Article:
Peter Zhang watched the footage showing the death of George Floyd in Minneapolis nearly a dozen times. He later saw a video of a confrontation between a white woman and a Black bird-watcher in New York City.
That is when it all clicked for him.
For years, the Great Neck resident had been aware of the Black Lives Matter movement. But Zhang didn’t pay much attention to it — until he saw the videos in May of a white police officer pinning his knee on Floyd’s neck, and a woman calling police on a Black man after he asked her to leash her dog in Central Park. In the video, the woman could be heard telling a 911 operator that she was “threatened” by an African American man.
Peter Zhang, of Great Neck, talks about how the death of George Floyd led him to become active in the Black Lives Matter movement. Credit: Newsday / Alejandra Villa Loarca
“I kind of changed my views … in the past few months since the movement heated up,” said Zhang, 61, who emigrated from China to the United States decades ago. “I think I need to raise my voice so that everybody can hear we are part of it. We are not absent.”
That realization pushed Zhang, one of more than 200,000 Asians living on Long Island, to join a June protest in Great Neck where hundreds marched.
Nationwide, Zhang appears to be one of a growing number of Asian Americans whose attitudes over the summer shifted in support of the Black Lives Matter movement, though that support may be slipping as Pew Research Center reported last week that public support for the movement has decreased from June to September.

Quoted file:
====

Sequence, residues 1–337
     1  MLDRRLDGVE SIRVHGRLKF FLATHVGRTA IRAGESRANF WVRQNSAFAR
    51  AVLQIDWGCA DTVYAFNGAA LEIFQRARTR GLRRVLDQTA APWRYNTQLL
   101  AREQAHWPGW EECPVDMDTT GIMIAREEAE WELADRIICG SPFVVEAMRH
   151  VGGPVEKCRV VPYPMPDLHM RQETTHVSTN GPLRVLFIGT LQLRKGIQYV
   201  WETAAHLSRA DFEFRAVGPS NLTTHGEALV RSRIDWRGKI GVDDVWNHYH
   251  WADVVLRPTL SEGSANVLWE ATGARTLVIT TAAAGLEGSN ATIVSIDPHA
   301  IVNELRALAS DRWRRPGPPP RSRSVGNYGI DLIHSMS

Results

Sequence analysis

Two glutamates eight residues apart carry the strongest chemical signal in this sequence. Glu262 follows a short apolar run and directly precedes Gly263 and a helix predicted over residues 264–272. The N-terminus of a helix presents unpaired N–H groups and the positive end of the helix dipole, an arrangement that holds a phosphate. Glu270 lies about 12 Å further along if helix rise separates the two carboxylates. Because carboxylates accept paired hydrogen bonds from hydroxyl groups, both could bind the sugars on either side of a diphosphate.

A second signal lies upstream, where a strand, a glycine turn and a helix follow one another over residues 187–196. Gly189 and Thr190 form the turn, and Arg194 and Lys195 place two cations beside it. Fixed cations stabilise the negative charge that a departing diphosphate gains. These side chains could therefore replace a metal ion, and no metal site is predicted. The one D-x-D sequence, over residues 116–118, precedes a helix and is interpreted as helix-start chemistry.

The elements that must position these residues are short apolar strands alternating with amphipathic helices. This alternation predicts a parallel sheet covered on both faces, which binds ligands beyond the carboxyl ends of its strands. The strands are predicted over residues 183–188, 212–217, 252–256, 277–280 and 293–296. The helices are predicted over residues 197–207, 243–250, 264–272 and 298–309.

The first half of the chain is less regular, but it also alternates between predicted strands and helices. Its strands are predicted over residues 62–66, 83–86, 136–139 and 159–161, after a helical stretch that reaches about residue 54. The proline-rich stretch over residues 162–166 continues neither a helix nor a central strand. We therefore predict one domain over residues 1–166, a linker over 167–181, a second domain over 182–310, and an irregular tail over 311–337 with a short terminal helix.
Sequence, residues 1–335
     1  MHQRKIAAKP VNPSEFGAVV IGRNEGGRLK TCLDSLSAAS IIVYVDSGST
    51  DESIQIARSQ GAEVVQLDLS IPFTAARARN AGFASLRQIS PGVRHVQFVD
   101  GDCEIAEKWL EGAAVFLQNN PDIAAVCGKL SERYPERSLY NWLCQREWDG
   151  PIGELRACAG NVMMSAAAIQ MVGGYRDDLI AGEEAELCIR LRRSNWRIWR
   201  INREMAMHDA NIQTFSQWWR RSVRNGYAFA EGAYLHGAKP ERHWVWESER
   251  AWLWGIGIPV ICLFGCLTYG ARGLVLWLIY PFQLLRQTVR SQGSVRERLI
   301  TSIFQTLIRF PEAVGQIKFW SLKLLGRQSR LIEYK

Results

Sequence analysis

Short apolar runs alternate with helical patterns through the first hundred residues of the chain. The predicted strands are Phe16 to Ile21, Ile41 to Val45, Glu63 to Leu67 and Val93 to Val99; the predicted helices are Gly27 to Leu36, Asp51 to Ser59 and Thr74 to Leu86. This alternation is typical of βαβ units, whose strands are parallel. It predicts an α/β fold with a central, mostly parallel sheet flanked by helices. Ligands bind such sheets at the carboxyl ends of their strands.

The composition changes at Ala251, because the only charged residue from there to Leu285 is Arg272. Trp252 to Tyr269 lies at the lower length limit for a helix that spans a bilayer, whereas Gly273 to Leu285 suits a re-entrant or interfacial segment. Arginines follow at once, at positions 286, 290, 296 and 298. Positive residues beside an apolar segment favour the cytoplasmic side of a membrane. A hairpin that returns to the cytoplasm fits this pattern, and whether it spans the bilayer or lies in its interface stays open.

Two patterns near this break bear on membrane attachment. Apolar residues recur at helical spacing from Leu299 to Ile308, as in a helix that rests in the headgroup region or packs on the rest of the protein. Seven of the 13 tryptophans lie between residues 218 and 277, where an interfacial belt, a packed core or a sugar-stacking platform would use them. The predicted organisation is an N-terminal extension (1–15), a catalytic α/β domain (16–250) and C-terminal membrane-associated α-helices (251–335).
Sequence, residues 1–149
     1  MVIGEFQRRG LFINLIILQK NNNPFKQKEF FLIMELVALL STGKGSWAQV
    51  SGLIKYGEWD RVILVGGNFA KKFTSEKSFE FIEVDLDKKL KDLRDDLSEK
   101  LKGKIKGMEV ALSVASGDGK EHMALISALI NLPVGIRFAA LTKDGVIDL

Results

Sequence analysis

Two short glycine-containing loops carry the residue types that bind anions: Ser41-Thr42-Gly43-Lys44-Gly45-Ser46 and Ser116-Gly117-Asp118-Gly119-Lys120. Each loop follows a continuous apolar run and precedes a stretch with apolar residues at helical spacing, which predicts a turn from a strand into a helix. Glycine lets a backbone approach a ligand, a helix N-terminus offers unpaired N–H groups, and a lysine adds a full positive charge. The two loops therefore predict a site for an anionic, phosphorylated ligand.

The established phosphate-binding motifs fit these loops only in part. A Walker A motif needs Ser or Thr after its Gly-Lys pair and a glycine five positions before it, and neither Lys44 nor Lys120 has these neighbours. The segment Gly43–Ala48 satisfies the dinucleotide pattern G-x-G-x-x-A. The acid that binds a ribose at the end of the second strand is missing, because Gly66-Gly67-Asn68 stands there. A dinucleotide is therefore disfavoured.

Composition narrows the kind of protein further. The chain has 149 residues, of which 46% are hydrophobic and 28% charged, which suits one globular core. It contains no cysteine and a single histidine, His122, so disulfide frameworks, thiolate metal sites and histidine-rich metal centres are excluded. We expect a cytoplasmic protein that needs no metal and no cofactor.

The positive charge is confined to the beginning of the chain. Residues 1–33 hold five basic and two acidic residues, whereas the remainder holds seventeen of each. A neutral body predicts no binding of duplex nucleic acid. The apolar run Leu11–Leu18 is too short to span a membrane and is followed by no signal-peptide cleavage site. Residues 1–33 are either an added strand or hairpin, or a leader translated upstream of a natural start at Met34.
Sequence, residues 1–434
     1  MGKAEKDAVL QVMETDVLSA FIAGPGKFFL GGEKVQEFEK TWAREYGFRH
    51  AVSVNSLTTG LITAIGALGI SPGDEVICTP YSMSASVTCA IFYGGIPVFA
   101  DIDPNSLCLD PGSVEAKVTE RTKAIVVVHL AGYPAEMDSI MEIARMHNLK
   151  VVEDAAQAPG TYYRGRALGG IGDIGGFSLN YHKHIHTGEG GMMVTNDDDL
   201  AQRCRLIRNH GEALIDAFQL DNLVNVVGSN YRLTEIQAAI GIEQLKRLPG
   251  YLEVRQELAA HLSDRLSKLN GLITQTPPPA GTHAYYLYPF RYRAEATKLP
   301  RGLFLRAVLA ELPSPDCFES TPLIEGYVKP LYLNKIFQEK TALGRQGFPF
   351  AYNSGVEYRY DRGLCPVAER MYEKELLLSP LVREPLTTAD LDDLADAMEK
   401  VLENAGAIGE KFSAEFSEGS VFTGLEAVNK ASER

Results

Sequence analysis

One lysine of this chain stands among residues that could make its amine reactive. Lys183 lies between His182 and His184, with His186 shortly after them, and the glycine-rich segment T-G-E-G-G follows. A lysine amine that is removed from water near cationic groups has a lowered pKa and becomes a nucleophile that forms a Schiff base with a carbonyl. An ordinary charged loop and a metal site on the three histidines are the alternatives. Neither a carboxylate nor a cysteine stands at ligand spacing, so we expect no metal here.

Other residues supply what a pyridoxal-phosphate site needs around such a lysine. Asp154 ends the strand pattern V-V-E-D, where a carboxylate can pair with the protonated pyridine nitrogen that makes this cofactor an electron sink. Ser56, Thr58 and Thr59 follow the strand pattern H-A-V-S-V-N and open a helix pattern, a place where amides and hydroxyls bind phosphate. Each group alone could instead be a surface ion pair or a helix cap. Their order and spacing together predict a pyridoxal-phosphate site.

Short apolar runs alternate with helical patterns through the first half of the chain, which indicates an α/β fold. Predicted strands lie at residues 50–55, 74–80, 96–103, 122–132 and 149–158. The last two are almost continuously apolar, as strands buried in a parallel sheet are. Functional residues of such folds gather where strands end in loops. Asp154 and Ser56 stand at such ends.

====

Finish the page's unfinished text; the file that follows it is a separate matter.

Earlier in July, three out of four Asians surveyed in a Gallup Poll said they changed their views on racial justice because of the protests.
Sign up for The Classroom newsletter.
Education on Long Island is changing. Find out how.
Demonstrations had ebbed on Long Island but were reignited this week after a Kentucky grand jury’s decision to not indict any officer for the death of Breonna Taylor, a Black woman who was shot by Louisville police in March. One officer was indicted for shooting into a neighboring apartment.
That change of heart is not a surprise, said Frank Wu, president of Queens College and author of “Yellow: Race in America Beyond Black and White.”
“Asian Americans in general have been trending more liberal for about a generation,” Wu said. “Many Asian Americans see a parallel between the hatred they are feeling even when they are walking down the street because of COVID-19 and what African Americans are talking about,” referring to the backlash Asian Americans have faced because of the coronavirus pandemic, which originated in China.
Discussions on race, which traditionally had been framed as a black-and-white issue, left many Asians wondering where they fit in, Wu said.
“Are they honorary whites? Are they people of color?” said Wu, who is of Chinese descent. “Asian Americans are both ambiguous and ambivalent. Some Asian Americans don’t know how they feel. That’s started to change.”